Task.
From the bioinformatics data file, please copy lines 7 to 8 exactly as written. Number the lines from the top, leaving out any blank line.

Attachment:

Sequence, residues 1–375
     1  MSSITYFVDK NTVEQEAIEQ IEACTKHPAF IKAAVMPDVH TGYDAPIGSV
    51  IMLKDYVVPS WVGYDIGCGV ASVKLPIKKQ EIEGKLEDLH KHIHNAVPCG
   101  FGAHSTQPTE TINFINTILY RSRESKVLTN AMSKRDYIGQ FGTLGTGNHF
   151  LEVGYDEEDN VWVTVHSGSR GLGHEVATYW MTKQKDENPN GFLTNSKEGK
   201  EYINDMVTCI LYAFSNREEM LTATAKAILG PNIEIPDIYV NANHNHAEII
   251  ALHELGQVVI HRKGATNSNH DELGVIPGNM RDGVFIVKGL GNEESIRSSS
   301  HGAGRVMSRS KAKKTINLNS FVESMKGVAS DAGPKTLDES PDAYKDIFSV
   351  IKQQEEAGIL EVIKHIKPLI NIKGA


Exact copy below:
   251  ALHELGQVVI HRKGATNSNH DELGVIPGNM RDGVFIVKGL GNEESIRSSS
   301  HGAGRVMSRS KAKKTINLNS FVESMKGVAS DAGPKTLDES PDAYKDIFSV